Other significant features: spring-loading of plates (U-shaped structures) on top mica. U-shaped structures may face same or opposite directions. Tubes with oval micas have long thin metal pieces affixed to the opposite edges of their micas to brace them against the inside of the glass. Oval mica tubes have the bottom mica identical to the top mica, sans metal bracers.
post #3 of 67
Thread Starter 
2. US-made NOS 6SN7s

CBS / CBS-HYTRON / HYTRON 6SN7GT
Also JAN-CHY-6SN7GT
Tubes marked “Hytron” came first, followed by “CBS-Hytron”, then lastly by plain “CBS”. The construction between these 3 tubes appears identical.

Base: black, white (Hytron, CBS-Hytron) or red (CBS) print
Glass: clear, tall-bottle always
Plates: black, T-plates, 2 holes per plate
Getter: bottom, square, flashing rarely extends past plastic base
Top mica: rectangular
Other significant features: bottom mica also rectangular


CBS 6SN7GTA
Base: black with red labels
Glass: clear, midway between tall and short bottle height
Plates: flat, black
Getter: ???
Top mica: racetrack with spiked shorter edges
Other significant features: bottom mica same shape


CBS 6SN7GTB
Base: black with red print, base is slightly shorter
Glass: clear, short bottle
Plates: ???
Getter: side
Top mica: ???
Other significant features:


GE 6SN7GT
Check the non-US NOS 6SN7 section.


GE 6SN7GTA
Made up till around 1955.
Base: black, white printing
Glass: clear, has 6SN7GTA etched into it on side, short bottle
Plates: dark gray (often called black), large flat-plates with ‘ladder’ ridges
Getter: side, D-getter, flashing covers a circular patch inside tube
Top mica: round with spiked edges, has 2 anode plate ‘tabs’ per plate on top mica (4 total)
Other significant features: bottom mica is racetrack shaped


GE 6SN7GTB
Often confused with the GE 6SN7GTA.
Base: black, white printing
Glass: clear, has 6SN7GTB etched into it on side of glass
Plates: light gray, large flat-plates with ‘ladder’ ridges
Getter: side, D-getter, flashing covers a circular patch inside tube
Top mica: round with spiked edges, has 2 anode plate ‘tabs’ per plate on top mica (4 total)
Other significant features: bottom mica is racetrack shaped


KenRad 6SN7GT
Also JAN-CKR-6SN7GT
KenRad stood for ‘Kentucky Radio’. KenRad was bought by GE around the mid-1940s and ceased to exist as a brand name by the early 1950s. Military tube boxes from the 1940s are labeled with “KenRad, Division of General Electric Corp”. The construction of this tube is identical to the KenRad VT-231 tube (both clear and black glass).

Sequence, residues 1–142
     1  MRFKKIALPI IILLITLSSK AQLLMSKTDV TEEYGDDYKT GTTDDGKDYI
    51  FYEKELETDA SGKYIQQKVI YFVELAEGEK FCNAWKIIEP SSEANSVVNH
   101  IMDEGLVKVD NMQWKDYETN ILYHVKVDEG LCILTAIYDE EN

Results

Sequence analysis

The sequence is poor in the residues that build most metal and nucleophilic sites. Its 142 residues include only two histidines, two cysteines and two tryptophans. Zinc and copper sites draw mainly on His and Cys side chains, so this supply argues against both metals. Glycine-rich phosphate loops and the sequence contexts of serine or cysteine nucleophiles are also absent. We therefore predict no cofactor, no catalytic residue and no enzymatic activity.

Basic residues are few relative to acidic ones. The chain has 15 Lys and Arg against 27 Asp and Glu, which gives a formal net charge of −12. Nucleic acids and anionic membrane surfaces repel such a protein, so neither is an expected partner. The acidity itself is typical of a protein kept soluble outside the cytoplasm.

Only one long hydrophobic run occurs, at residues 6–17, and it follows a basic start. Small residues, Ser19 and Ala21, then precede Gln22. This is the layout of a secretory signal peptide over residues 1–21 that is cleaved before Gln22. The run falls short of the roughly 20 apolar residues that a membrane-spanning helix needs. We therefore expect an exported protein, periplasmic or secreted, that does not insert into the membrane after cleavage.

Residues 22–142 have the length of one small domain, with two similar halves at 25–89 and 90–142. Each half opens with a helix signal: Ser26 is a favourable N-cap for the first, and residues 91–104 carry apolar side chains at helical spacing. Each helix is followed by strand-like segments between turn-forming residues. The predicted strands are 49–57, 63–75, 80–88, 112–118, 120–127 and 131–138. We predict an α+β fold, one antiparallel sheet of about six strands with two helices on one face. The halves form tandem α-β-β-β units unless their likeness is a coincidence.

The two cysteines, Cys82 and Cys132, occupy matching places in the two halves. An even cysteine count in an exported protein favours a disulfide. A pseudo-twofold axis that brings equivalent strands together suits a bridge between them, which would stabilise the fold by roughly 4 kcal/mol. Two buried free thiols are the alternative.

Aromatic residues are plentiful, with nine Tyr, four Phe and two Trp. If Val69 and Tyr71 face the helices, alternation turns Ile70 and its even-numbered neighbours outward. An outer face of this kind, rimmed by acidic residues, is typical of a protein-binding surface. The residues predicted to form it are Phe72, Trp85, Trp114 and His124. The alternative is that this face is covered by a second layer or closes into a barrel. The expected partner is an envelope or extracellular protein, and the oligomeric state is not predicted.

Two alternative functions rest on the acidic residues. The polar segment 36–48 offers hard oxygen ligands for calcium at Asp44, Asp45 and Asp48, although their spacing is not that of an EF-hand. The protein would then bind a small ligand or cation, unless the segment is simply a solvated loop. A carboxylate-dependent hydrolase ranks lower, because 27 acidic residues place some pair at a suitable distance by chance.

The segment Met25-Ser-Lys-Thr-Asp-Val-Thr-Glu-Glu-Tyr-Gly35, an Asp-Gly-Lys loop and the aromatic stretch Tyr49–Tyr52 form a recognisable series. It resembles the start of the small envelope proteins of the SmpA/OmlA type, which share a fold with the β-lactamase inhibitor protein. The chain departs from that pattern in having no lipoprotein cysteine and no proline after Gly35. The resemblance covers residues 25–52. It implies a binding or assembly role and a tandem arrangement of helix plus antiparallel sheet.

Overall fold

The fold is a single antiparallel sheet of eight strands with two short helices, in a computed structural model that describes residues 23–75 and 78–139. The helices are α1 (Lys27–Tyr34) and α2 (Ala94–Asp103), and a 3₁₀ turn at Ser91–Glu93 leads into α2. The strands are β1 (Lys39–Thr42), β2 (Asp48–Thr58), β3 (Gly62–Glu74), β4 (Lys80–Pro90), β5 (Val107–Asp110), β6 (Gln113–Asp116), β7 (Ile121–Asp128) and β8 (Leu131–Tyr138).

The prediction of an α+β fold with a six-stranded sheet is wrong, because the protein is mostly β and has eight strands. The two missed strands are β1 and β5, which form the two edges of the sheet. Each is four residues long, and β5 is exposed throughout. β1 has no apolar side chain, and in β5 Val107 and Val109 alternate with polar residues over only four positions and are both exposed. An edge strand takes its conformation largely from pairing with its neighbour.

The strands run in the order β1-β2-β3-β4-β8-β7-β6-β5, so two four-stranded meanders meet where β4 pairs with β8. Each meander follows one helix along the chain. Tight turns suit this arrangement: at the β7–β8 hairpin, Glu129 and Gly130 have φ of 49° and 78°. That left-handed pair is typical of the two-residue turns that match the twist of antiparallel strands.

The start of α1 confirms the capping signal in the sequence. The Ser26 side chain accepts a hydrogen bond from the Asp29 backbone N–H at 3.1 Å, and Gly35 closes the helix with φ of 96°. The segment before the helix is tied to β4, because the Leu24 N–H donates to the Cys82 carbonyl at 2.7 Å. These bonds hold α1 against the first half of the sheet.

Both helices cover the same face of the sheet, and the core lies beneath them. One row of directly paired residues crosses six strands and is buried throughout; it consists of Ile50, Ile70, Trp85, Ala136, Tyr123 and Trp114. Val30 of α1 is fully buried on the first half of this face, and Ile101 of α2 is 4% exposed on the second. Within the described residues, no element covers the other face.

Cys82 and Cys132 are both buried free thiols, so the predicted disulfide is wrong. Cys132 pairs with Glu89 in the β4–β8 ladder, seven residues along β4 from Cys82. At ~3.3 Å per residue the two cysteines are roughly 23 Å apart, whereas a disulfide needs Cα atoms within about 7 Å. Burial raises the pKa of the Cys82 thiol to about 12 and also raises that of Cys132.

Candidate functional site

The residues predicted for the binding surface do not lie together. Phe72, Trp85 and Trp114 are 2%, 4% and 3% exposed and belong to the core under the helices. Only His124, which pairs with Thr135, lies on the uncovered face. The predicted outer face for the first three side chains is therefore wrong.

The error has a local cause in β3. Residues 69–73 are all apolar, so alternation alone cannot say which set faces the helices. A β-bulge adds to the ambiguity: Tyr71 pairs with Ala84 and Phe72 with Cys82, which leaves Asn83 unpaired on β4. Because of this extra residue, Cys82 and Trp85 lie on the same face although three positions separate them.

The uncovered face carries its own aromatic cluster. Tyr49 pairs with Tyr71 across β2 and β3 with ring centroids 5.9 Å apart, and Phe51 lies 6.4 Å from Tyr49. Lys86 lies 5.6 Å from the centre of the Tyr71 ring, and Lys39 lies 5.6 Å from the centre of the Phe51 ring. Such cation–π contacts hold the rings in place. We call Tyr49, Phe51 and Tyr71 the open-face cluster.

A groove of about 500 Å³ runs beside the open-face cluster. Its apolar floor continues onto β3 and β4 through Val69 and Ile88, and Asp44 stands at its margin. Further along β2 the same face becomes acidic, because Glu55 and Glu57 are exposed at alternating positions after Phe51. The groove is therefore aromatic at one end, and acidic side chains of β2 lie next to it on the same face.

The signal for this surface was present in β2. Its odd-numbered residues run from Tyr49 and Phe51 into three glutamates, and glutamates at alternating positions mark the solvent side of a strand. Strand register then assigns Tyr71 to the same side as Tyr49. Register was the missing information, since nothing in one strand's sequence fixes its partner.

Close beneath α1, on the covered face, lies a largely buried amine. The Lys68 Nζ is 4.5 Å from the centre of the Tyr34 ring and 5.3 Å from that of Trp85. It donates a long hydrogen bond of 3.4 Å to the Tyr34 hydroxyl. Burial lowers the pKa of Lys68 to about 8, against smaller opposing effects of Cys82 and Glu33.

National Union (NU) gray glass 6SN7GT
Also JAN-CNU-6SN7GT
Earliest 6SN7GT vintage by NU. RCA round mica 6SN7GTs are often relabeled as NU and do look extremely similar. Look to the top mica spacers for confirmation of identity – RCA (rectangular) vs NU (square).

Base: black with white or silver labels
Glass: gray. Gray glass extends from base upwards to almost cover the top. Occasionally found as short bottles.
Plates: gray glass - black, flat-plates
Getter: bottom,
Top mica: round, with square mica spacers on opposite sides
Other significant features: twoU-shaped structures on top mica. Bottom mica identical to top mica.


National Union (NU) black glass 6SN7GT version #1
Also JAN-CNU-6SN7GT
Later vintage. Version 1 – round plates. Tooling similar to 6SL7GT

Base: black with white or silver labels
Glass: black. Black glass begins ¼ of the way from base and ends near the top.
Plates: gray, round plates, circumference of plates larger than that of Tungsol VT-231
Getter: bottom, foil, flashing rarely extends up past base
Top mica: circle with spiked edges, spikes come into contact with glass
Other significant features: Bottom mica identical to top mica. 2 free-standing supporting rods.


National Union (NU) black glass 6SN7GT version #2
Also JAN-CNU-6SN7GT
Later vintage. Version 2 – flat plates, rectangular top mica.

Base: black with white or silver labels
Glass: black. Black glass begins ¼ of the way from base and ends near the top.
Plates: black, flat plates
Getter: bottom, foil, flashing rarely extends up past base
Top mica: rectangular with spiked shorter edges that contact glass.
Other significant features: Bottom mica identical to top mica.


National Union (NU) black glass 6SN7GT version #3
Also JAN-CNU-6SN7GT
Later vintage. Version 3 – flat plates, round top mica.

Base: black with white or silver labels
Glass: black. Black glass begins ¼ of the way from base and ends near the top.
Plates: black, flat plates
Getter: bottom, rectangular, flashing rarely extends up past base
Top mica: round with 2 mica spacers
Other significant features: rectangular with spiked shorter edges that contact glass


Raytheon 6SN7GT
Also JAN-CRP-6SN7GT.
3 versions identical to 3 VT-231 iterations – read Raytheon VT-231 section for details.


Raytheon 6SN7WGT
Also JAN-CRP-6SN7WGT
Base: brown with red or yellow print (red print is earlier)
Glass: clear
Plates: black, flat with ‘ladder’ ridging, shiny
Getter: top, square, flashing may be slightly small
Top mica: round with 4 ‘umbrella spokes’ extending downwards from edge
Other significant features: 2 black U-shaped structures on top mica, bottom mica also round


Raytheon 6SN7GTA
Base: black
Glass: clear
Plates: gray,
Getter: side getter,
Top mica: ???
Other significant features:


Raytheon 6SN7GTB
Base: black with yellow print
Glass: clear, short bottle
Plates: black, flat with ladder ridging
Getter: side, D-shaped ‘wrapped’ around plates
Top mica: round with 2 sides spiked
Other significant features: bottom mica identical to top mica


Raytheon Uniline 6SN7GTB
Base: black with yellow print
Glass: clear, tall bottle
Plates: gray, flat with ladder ridging